GATINEAU, Quebec (AP) -- A black woman often described as Canada's Rosa Parks for her 1946 decision to sit in a whites-only section of a Nova Scotia movie theater will be the first Canadian woman to be celebrated on the face of a Canadian banknote.
Finance Minister Bill Morneau said Thursday that Viola Desmond will grace the front of the $10 bill when the next series goes into circulation in 2018.
A businesswoman turned civil libertarian, Desmond built a business as a beautician and mentored young black women in Nova Scotia.
It was in 1946 when she rejected racial discrimination by sitting in a whites-only section of a New Glasgow movie theatre. She was arrested and fined. Her actions inspired later generations of black people in Nova Scotia and the rest of Canada.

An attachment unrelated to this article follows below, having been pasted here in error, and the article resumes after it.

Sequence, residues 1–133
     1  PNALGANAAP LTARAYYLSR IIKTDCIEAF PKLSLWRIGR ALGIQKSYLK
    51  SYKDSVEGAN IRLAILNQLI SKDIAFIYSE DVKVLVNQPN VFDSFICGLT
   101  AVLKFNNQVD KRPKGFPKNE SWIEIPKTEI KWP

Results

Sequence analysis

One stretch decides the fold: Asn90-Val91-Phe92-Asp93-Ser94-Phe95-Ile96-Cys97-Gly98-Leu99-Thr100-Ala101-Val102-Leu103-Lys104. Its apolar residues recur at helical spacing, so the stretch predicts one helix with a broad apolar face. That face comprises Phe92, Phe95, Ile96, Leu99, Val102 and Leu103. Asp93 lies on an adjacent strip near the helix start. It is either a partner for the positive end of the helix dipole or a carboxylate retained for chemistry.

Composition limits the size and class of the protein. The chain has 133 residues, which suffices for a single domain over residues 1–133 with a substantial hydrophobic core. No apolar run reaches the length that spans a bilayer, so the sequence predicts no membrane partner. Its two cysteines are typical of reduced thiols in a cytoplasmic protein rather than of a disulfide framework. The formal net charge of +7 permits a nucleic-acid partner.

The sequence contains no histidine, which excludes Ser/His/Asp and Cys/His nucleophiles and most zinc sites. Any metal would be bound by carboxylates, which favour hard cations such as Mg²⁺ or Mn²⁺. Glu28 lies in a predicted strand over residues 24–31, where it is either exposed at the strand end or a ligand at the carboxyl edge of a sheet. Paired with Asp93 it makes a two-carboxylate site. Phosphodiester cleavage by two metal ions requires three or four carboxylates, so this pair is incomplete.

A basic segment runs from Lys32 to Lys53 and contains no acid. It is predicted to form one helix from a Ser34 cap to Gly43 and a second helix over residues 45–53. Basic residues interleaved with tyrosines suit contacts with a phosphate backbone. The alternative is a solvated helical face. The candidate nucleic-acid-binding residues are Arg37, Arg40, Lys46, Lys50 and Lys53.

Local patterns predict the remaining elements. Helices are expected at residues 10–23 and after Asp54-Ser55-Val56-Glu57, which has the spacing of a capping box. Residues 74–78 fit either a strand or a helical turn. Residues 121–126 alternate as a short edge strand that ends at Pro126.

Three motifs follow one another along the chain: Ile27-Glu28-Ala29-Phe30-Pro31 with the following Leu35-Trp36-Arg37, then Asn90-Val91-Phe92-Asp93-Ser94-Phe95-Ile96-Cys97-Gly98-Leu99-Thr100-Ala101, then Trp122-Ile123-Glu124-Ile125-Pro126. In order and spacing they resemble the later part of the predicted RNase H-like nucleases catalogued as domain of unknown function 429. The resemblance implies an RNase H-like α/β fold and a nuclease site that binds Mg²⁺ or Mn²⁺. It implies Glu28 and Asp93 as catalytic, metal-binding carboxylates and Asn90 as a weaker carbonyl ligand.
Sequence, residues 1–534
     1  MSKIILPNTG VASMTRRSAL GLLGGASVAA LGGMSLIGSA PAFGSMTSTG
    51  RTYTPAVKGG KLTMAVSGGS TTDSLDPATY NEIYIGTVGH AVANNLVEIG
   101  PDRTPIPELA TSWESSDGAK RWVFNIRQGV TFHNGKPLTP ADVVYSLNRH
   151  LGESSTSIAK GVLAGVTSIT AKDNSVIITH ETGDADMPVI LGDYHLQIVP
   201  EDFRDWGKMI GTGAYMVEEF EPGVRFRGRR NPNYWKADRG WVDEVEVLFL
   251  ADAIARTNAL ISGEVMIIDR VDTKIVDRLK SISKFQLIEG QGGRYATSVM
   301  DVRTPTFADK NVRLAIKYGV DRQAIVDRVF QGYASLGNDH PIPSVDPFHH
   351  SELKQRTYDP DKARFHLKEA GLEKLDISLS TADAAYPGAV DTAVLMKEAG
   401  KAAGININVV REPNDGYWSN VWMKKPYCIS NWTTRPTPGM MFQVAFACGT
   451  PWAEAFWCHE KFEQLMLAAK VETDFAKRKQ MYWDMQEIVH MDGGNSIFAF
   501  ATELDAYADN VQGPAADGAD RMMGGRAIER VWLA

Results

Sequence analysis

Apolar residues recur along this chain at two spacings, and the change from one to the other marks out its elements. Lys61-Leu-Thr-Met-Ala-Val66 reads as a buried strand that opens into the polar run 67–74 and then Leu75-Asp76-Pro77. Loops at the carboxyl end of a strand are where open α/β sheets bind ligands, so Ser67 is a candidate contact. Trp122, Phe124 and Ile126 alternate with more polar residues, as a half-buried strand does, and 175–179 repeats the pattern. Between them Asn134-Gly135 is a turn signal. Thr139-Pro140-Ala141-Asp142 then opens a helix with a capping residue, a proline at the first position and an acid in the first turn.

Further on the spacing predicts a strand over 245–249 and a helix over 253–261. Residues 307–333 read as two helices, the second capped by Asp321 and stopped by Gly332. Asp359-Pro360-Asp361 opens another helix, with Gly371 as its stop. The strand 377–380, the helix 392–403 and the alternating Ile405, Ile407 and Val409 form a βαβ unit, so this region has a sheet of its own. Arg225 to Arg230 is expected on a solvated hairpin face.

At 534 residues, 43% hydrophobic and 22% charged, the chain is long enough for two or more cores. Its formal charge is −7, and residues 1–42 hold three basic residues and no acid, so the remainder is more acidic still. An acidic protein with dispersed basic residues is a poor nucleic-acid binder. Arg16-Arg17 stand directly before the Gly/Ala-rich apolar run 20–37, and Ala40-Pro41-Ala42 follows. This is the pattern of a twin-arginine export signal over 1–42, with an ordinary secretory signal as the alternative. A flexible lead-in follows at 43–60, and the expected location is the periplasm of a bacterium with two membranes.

Move echoes U.S. decision
Back in April of this year, Treasury Secretary Jacob Lew decided to put Harriet Tubman on the $20 bill, making her the first woman on U.S. paper currency in 100 years.
The 19th century abolitionist and a leader of the Underground Railroad, would replace the portrait of Andrew Jackson, the nation's seventh president.
The move followed harsh criticism from some, and one Republican congressman from Iowa even tried to block the Treasury from redesigning U.S. currency.
Tubman is not expected to make an appearance on the $10 bill until after 2020.